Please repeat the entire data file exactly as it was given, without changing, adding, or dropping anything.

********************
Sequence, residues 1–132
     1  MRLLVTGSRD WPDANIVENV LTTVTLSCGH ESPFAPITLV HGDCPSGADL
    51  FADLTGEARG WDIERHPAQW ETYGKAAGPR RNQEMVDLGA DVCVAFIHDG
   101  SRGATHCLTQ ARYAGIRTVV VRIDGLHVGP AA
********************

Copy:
Sequence, residues 1–132
     1  MRLLVTGSRD WPDANIVENV LTTVTLSCGH ESPFAPITLV HGDCPSGADL
    51  FADLTGEARG WDIERHPAQW ETYGKAAGPR RNQEMVDLGA DVCVAFIHDG
   101  SRGATHCLTQ ARYAGIRTVV VRIDGLHVGP AA